Sunday, April 19, 2009

This begins what I hope will be a discussion blog on all things related to the visual arts. I would like to begin this first blog by introducing myself, describing some of my background, and briefly explaining my work. I am an artist and an educator living in the Midwest. I have taught art courses at two different colleges and have exhibited nationally. I have also participated in several community development fundraising visual arts projects. These experiences have influenced my perceptions of art in American culture, and have enriched my own artistic endeavors. I strongly believe the visual arts are a tool for communication.
The idea of art as a tool for communication is a topic on which I have much to say, and I'm sure this will develop into a reoccurring theme. My art making is partially based on this idea and is meant to help communicate my memories of places I have been, and events I have experienced. The above image is an example of one of my recent works. It is titled "Church...going." Please feel free to comment or ask questions about it. This week I will be attending an Edvard Munch exhibition and I will be critiquing this show next week. More examples of my work can be found at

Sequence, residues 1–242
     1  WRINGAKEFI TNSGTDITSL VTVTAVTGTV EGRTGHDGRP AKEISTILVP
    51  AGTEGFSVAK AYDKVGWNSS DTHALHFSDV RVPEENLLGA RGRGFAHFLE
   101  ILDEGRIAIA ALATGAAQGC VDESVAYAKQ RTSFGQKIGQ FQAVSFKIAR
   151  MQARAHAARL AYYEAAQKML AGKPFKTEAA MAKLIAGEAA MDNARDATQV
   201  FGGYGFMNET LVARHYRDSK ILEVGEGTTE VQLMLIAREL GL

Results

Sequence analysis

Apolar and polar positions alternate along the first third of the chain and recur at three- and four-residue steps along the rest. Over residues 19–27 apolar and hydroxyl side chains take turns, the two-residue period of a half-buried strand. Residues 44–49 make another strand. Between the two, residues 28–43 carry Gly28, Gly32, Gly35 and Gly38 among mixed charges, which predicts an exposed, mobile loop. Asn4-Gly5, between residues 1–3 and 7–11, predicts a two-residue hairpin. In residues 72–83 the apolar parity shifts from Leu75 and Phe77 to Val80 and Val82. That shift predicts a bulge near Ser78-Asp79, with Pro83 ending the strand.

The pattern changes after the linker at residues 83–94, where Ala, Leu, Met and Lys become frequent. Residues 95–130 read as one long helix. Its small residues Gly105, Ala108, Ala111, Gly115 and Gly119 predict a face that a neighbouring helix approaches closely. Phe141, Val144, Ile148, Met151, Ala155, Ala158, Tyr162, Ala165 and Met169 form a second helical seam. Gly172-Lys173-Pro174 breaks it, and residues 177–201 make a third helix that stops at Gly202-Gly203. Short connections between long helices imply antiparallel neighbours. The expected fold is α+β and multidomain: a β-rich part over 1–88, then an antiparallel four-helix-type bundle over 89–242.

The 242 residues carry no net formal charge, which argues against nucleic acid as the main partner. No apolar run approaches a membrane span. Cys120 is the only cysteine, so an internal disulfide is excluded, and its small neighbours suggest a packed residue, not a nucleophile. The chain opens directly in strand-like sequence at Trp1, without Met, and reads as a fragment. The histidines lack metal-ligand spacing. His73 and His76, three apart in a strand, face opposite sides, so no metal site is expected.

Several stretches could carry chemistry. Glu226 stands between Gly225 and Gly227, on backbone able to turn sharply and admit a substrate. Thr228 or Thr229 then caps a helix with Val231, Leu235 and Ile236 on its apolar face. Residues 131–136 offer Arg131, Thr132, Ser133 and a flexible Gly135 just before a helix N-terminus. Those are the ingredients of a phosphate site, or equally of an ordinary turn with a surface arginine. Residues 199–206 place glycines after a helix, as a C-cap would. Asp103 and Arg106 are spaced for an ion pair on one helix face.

1 comment:

Art of the South said...

The work of Thomas Kinkade however, is regarded with more suspicion by art professionals. One of the reasons for this goes back to the artists intention. The work of Smithson in this case is examining the flow of lava from volcanoes, and is trying to emulate nature similarly to the way landscape painters emulate the terrain they paint. He is exploring an idea, and illustrating his findings from his explorations. Kinkade states that he is the "Painter of light" however, the fact that his images are placed on mugs, mouse pads, collectors plates and other items suggests that this artist has an entirely different motivator for making art. One that seems less like an exploration of ideas, and more like a desire to make money.

I am quoting from your Blog above, my comment is more of a question: If the work of Smithson were to become immensely popular, and if his work were sought out by licensees, would it then cease to be "Academic art"?

It seems that most of the critiques of Thomas Kinkade stem from his popularity, more than his style.